Mahone's account of interesting scenes magnitude of the disaster-is the army dissolving? General Reed mortally wounded panic occurs, but order is restored General Gregg and part of his cavalry ch and burn High Bridge. To this force he afterwards sent eighty cavalrymen, under Brigadier-General Theodore Reed, of his staff, who conducted the column, and put his command in march to follow by his right. General Rosser got up with the detachment sent to burn the bridge, and attacked. General Reed, seeing his approach, found a defensive position, and arranged the command to receive battle.ral Mumford got up and deployed his troopers, dismounted, on Rosser's left. Nothing daunted, General Reed received the attack, and in gallant fight made one or two counter-charges with his small cavahis cavalry officers and many of his infantry were killed or wounded, and the rest surrendered. Reed's fight was as gallant and skilful as a soldier could make, and its noise in rear of Sailor's Cre
D. H. Miles (search for this): chapter 42
s at the former, but was repulsed when he met Mahone's strong line. At Petersburg he had more success, capturing twelve guns. General Sheridan, reinforced by Miles's division, was ordered to follow up his work on the right bank. The reinforcements sent under Lieutenant-General Anderson joined General Pickett at night of the even officers and five hundred and sixty-five men wounded; two pieces of artillery and several colors were captured. It was my time next. General Meade called Miles's division back to the Second Corps, and prepared to march down upon Petersburg, but General Grant thought that the work might prove hazardous of delay to his planhis command were captured by Rosser and Mumford. At Cumberland Church the command deployed on the right of Poague's battery, but Mahone reported a move by part of Miles's division to turn his left which might dislodge him. G. T. Anderson's brigade of Field's division was sent with orders to get around the threatening force and bre
Andrew L. Harris (search for this): chapter 42
rate charges crowned the Confederate works. General Gibbon followed the move with his divisions of the Twenty-fourth and Twenty-fifth Corps, one of his brigades (Harris's) carrying part of the Confederate works. The troops, weary of their all-night watch and early battle, halted to close their ranks and wait for the skirmish lin assault, but was checked, and charged again and again, even to the bayonet, before he could mount the parapets and claim the fort. It had been manned by part of Harris's brigade (Twelfth Mississippi Regiment, under Captain J. H. Duncan, three hundred men of Mahone's division). Fifty-five dead were found in the fort; two hundreduch broken by the losses of the day. Mahone had repulsed the attack made upon his position, and had his division in good order and spirits, except the regiment of Harris's brigade that was at Fort Gregg. General Lee's order for retreat was out in time to have the troops take up the march as soon as night came. The troops at P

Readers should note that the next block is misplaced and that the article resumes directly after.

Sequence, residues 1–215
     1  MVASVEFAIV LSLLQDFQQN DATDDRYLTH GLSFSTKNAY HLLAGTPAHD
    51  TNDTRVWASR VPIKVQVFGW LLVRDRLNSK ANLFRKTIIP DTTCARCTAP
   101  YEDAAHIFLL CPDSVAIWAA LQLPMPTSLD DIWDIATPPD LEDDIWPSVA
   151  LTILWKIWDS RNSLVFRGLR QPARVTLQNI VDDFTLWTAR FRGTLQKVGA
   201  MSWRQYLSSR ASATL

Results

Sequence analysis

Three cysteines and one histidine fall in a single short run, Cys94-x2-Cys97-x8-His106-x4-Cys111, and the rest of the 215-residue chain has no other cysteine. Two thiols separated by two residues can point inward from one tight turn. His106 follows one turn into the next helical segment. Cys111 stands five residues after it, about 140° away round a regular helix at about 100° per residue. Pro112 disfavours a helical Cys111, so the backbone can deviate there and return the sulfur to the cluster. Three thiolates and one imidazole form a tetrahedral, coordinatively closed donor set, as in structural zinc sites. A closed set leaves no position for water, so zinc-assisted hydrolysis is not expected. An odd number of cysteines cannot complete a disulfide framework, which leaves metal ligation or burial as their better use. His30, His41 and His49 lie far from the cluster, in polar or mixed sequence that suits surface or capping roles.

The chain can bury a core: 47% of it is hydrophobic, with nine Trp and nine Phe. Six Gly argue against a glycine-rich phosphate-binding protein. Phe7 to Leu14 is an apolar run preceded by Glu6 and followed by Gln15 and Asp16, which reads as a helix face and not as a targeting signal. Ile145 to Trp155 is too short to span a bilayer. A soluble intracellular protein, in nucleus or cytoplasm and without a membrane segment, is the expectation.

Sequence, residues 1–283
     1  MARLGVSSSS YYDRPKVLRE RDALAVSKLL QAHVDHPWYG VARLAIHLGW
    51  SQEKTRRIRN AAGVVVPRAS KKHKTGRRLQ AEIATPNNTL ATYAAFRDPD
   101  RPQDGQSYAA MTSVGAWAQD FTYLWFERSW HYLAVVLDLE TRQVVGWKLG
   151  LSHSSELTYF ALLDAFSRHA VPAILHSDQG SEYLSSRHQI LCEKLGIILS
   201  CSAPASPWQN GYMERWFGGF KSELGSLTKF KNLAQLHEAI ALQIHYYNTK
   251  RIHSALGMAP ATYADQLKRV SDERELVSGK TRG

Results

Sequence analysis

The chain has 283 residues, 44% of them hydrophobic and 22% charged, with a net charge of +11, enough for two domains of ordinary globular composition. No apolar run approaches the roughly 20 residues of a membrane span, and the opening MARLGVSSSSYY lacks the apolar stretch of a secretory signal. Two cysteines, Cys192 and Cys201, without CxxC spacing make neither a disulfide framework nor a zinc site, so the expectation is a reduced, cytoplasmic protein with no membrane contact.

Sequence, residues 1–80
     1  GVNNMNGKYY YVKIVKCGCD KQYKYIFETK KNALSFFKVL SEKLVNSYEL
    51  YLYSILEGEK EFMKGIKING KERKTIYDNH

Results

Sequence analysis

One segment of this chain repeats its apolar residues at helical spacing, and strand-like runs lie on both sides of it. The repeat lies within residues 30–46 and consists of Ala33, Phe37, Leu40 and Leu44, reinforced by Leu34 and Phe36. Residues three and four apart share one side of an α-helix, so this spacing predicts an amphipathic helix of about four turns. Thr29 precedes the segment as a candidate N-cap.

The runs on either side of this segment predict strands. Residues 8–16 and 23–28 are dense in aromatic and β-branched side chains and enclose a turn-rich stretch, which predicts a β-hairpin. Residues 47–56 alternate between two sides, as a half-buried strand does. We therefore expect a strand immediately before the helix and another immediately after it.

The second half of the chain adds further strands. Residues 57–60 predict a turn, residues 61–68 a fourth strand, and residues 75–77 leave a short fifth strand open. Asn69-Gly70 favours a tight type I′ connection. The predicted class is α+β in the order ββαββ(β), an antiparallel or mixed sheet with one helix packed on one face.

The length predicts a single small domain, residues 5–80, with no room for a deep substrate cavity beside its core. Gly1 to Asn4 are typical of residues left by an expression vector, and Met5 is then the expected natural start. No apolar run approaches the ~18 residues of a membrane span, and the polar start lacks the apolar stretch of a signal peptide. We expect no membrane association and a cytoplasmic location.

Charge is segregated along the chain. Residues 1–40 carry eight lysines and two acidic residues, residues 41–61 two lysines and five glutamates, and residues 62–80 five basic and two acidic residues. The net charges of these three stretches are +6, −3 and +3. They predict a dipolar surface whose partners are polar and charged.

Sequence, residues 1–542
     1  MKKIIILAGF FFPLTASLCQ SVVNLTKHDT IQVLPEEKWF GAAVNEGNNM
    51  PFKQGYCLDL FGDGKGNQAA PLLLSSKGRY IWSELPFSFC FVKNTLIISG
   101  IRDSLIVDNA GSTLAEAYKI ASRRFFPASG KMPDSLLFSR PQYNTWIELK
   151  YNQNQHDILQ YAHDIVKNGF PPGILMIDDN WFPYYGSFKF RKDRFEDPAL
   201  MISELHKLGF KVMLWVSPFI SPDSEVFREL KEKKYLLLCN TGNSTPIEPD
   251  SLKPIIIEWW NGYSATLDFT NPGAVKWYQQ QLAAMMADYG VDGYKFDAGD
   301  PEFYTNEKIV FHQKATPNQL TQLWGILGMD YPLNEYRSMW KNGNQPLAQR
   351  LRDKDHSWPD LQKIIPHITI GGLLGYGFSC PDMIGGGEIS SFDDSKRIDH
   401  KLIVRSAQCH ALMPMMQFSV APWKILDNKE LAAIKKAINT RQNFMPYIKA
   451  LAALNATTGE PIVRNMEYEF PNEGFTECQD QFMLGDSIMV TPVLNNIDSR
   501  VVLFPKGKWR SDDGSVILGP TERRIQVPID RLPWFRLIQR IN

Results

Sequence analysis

M. W. Gary (search for this): chapter 42
ered to follow after the bridge-burners and capture or destroy the detachment, if it took the last man of his command to do it. General Ord came on and drove in my line of skirmishers, but I rode to meet them, marched them back to the line, with orders to hold it till called in. Ord's force proved to be the head of his column, and he was not prepared to press for general engagement. General T. T. Mumford reported with his cavalry and was ordered to follow Rosser, with similar directions. Gary's cavalry came and reported to me. High Bridge was a vital point, for over it the trains were to pass, and I was under the impression that General Lee was there, passing with the rest of his army, but hearing our troops engaged at Rice's Station, he had ridden to us and was waiting near Mahone's division. Ord's command was not up till near night, and he only engaged with desultory fire of skirmishers and occasional exchange of battery practice, arranging to make his attack the next morning.
I. N. M. Turner (search for this): chapter 42
service, passed out and to their homes to prepare, in silent resignation, for whatever was to come. The tragic scenes of the south side, in a different way, were as impressive as these. General Gibbon prepared his divisions under Foster and Turner for assault upon Forts Gregg and Whitworth, and when the Sixth Corps lined up with him, he ordered the divisions to their work. As they advanced the other brigades of Field's division came up, were aligned before the enemy's heavy massing forcesbeen manned by part of Harris's brigade (Twelfth Mississippi Regiment, under Captain J. H. Duncan, three hundred men of Mahone's division). Fifty-five dead were found in the fort; two hundred and fifty, including wounded, were prisoners. General Turner attacked at Fort Whitworth, and had easier work. General Wilcox, thinking it a useless sacrifice to try to hold it, ordered his troops withdrawn, and many got out in time to escape the heavy assault, but many were taken prisoners. General G